Polycystic Ovary Syndrome is the most common endocrine disorder among women of reproductive age. The current estimate is ~10% of women have PCOS, but it is widely under-diagnosed and under-treated so the prevalence is likely much higher.
The exact cause of PCOS is unknown, but we know there are several root causes of PCOS including genetic and environmental factors. It is a unique condition, as women will often present with different (but similar!) symptoms.
absent/irregular menstrual cycles
anxiety and depression
According to the Rotterdam criteria, you must have 2 of the following 3 criteria in order to diagnose PCOS:
Oligo- or anovulation (irregular or absent menstruation)
Clinical and/or biochemical signs of hyperandrogenism (acne, hirsutism, and/or blood tests showing high androgens)
Polycystic ovaries (12 or more peripheral follicles) Did you know... they are not actually cysts, they are immature follicles!
PCOS has variable phenotypes, which we will not get into today, but it is important to know that there are four different Rotterdam phenotypes (Class A - D). In other words, women can have different presentations. Some women with PCOS actually get regular periods, and others don't have any cysts on their ovaries. So as you can imagine, there is not one cookie-cutter approach to treating PCOS!
Part of figuring out YOUR root cause and symptom management of PCOS involves analyzing your hormones...
Hormones are chemical messengers made by endocrine glands, such as the hypothalamus, pituitary gland, ovaries, adrenal glands, thyroid, and pancreas.
Hypothalamus - dopamine, GHRH, GnRH
Pituitary Gland - prolactin, LH, FSH, oxytocin, TSH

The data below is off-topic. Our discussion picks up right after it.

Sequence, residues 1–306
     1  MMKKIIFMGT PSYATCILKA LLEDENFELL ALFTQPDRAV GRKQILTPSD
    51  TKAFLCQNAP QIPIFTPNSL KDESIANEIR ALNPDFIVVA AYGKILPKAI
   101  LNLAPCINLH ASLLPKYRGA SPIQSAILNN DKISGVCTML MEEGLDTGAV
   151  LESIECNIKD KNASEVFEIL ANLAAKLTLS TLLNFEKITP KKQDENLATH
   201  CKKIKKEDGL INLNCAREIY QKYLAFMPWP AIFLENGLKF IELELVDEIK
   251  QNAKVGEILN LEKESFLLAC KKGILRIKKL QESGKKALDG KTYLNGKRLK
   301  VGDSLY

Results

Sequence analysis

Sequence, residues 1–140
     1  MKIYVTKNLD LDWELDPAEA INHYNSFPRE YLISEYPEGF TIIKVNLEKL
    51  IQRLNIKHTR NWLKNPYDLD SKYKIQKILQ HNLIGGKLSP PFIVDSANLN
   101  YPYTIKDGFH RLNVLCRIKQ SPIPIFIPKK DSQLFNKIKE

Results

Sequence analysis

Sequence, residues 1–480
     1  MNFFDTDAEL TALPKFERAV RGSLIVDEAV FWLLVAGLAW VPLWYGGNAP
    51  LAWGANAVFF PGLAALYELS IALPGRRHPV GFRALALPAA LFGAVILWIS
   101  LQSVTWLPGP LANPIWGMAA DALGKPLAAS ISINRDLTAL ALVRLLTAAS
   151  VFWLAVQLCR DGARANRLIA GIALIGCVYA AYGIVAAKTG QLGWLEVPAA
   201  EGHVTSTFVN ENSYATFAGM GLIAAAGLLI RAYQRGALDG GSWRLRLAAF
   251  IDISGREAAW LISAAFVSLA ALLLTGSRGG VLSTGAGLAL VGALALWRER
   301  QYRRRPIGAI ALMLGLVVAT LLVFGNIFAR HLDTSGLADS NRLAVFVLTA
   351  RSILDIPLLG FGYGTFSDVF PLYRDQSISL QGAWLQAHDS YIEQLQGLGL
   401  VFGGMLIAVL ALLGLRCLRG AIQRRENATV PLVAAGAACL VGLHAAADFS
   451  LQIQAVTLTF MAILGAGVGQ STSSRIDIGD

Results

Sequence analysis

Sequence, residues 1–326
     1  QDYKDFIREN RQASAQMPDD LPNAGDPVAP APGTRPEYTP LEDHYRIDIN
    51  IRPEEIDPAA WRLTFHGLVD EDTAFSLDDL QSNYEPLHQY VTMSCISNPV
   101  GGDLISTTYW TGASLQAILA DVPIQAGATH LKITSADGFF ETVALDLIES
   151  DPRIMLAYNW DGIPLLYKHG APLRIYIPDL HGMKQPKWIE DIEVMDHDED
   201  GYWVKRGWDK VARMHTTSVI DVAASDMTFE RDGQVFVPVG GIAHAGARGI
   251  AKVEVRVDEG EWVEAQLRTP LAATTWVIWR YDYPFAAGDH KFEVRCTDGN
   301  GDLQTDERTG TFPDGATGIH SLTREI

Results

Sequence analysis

Ovaries - estrogen, progesterone, testosterone, AMH
Thyroid - T4, T3
Adrenals - cortisol, DHEA, DHEA-S, androstenedione, testosterone, epinephrine/norepinephrine
Pancreas - insulin, glucagon
Liver - main producer of sex-hormone binding globulin (SHBG)
All of these hormones are interconnected in various ways. For example, in the first half of your cycle (start of period until you ovulate), estrogen should be your dominate hormone. Rising estrogen triggers the release of FSH and LH, which leads to ovulation. After ovulation, progesterone takes over as dominant hormone. Another example would be insulin, testosterone, and sex-hormone binding globulin. Insulin stimulates the ovaries to release testosterone, and furthermore can inhibit the liver from producing SHBG (which therefore results in more circulating testosterone). Elevated insulin levels can also stimulate the adrenals to produce more androgens. Elevated levels of androgens can lead to symptoms such as facial hair, acne, and male-pattern hair loss.
When working with women with PCOS, I think it is crucial to help them understand WHAT is happening in their body and WHY. It is so empowering to understand how each change you make is positively impacting your health and well-being.
A large component of PCOS nutrition therapy is healing your relationship with food, increasing nutrient-dense foods in your diet, and adding supplements as needed. Many women are told to lose weight or go on restrictive diets - you do not need to do this! In fact, this can often be MORE harmful to women with PCOS.
There is a lot of information out there about PCOS that can unfortunately be overwhelming and confusing. If you want an evidence-based treatment approach to your health and nutrition, book an appointment with Stephanie today.
Questions? Comment below!